Saturday, December 27, 2014

Three observations about anonymity in peer review

I made a vow to myself to not blog about peer review ever again. Oh well. Anyway, I have been thinking about a few things related to anonymity in the review process that I don’t think I’ve heard discussed elsewhere:
  1. Everyone I talk to who has published there has raved about eLife. Like, literally everyone–in fact, they have all said it was one of their best publication experiences, with a swift, fair, and responsive review process. I was wondering what it was in particular that made the review process so much less painful. Then somebody told me something that made a ton of sense (I forget who, but thanks, Dr. Insight, wherever you are!). The referees confer to reach a joint verdict on the paper. In theory, this is to build a scientific consensus to harmonize the feedback. In practice, Dr. Insight pointed out that the main benefit is that it’s a lot harder to give those crazy jackass reviews we all get because you will be discussing it with your fellow reviewers, who are presumably peers in some way or another. You don’t want to look like a complete tool or someone with an axe to grind in front of your peers. And so I think this process yields many of the benefits of non-anonymous peer review while still being anonymous (to the author). Well played, eLife!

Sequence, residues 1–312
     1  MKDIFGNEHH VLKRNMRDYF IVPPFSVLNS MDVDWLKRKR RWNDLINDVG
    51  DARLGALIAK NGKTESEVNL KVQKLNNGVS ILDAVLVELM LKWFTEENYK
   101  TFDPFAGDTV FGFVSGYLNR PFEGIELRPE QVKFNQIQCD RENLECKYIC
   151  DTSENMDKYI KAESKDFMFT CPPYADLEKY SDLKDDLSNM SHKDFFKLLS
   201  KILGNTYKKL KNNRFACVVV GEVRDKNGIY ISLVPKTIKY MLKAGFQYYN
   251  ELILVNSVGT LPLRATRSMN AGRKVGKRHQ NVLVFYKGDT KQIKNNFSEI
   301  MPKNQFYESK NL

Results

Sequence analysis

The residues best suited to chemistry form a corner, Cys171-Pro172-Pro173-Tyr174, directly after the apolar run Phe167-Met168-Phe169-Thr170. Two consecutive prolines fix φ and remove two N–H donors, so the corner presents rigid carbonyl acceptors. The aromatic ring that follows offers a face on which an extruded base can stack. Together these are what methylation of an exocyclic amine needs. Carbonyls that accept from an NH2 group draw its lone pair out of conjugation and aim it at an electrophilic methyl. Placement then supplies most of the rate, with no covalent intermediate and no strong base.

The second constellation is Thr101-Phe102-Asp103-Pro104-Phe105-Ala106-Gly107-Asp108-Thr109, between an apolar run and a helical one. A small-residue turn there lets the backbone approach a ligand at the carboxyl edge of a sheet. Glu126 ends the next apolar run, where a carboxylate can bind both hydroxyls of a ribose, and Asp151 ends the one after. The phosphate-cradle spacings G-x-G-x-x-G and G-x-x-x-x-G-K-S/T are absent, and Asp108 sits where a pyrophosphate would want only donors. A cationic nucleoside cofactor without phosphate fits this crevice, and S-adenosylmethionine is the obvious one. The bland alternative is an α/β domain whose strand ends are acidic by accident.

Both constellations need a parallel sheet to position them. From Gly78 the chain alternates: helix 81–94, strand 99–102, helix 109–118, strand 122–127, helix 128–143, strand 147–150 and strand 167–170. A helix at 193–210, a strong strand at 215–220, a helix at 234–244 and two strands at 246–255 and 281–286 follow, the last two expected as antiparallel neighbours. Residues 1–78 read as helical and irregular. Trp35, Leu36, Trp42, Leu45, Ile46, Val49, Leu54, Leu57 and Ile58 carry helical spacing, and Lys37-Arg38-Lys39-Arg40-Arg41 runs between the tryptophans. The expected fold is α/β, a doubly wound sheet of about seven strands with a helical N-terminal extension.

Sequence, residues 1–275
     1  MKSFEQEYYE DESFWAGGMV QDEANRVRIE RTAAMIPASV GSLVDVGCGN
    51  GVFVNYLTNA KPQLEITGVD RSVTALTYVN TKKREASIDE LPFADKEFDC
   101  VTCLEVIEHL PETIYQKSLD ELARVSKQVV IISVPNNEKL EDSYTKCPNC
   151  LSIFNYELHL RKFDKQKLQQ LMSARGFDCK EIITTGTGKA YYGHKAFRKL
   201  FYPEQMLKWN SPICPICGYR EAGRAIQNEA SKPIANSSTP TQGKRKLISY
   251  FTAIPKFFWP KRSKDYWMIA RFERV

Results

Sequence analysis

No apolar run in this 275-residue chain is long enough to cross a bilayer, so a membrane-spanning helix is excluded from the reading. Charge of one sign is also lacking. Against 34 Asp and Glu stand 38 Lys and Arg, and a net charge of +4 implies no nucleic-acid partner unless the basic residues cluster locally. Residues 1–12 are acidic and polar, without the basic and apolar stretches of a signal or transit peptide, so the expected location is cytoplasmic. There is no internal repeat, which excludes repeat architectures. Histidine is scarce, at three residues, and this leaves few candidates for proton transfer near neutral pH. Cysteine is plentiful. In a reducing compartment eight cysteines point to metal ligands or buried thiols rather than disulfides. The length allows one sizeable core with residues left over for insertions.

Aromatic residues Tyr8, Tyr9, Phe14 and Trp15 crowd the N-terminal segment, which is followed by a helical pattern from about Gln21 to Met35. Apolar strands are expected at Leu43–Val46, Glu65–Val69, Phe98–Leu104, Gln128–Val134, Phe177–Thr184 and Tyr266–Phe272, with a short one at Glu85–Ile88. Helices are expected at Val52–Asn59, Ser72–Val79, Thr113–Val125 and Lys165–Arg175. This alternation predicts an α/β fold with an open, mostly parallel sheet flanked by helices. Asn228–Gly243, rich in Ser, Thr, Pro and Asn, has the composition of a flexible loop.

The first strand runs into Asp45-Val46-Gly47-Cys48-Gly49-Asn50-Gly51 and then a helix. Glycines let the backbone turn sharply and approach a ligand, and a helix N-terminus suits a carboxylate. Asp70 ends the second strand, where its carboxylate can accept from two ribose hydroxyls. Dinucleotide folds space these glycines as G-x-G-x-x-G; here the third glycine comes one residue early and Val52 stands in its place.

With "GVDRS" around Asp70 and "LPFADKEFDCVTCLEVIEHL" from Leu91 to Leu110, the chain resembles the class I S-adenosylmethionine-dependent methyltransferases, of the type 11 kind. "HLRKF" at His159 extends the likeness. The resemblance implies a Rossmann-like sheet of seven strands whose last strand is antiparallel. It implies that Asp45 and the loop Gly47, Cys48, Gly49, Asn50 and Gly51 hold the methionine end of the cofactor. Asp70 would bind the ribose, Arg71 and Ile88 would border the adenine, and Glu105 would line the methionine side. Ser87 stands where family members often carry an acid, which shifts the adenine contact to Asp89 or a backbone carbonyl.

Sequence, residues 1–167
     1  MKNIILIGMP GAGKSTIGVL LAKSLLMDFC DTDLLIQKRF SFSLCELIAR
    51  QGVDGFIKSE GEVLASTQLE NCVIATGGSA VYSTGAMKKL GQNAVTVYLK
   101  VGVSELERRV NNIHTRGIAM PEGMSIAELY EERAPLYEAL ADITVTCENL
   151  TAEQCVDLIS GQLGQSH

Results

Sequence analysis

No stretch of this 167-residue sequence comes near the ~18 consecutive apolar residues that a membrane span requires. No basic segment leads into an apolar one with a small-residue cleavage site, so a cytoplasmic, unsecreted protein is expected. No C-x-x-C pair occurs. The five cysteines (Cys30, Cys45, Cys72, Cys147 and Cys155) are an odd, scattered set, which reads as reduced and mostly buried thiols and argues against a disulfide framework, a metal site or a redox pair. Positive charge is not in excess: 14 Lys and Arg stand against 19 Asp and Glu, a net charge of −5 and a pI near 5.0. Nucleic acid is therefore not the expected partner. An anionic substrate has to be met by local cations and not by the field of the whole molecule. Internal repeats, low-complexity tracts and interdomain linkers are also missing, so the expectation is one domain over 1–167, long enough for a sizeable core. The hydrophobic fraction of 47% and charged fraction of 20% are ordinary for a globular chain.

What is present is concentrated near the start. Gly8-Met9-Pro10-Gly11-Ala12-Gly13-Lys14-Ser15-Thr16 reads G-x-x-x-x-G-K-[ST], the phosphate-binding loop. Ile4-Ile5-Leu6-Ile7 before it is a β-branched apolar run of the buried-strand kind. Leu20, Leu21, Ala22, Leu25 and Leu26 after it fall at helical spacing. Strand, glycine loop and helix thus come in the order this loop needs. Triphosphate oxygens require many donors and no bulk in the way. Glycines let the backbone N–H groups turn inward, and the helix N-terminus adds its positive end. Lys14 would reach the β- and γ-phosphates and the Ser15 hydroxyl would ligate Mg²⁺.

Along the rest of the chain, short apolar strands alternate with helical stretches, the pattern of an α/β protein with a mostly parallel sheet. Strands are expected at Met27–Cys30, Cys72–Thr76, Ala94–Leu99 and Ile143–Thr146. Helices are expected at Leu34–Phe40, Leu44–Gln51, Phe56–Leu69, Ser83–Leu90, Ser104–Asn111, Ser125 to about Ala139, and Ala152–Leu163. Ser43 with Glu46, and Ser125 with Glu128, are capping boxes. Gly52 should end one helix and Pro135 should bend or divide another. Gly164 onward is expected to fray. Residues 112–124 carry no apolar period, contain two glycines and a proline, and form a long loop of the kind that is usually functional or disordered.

2. One reimagining of the publishing system that I definitely favor is one in which every paper gets published in a journal that only publishes based on technical veracity, like PLOS ONE. Then the function of the “selective journal” is just to publish a “Best of…” list of the papers they like the best. I think that a lot of people like this idea, one which decouples assessments of whether the paper is technically correct from assessments of “impact”. In theory, sounds good. One issue, though, is that it ignores the hierarchy on the reviewer side of the fence. Editors definitely do not just randomly select reviewers, nor select them just based on field-specific knowledge. And not every journal gets the same group of reviewers–you better believe that people who are too busy to review for Annals of the Romanian Plant Society B will somehow magically find time in their schedule to review for Science. Perhaps what might happen is that this new version of “Editor” (i.e., literature curator) might commission further post-publication reviews from a trusted critic before putting this paper on their list. Anyway, it’s something to work out.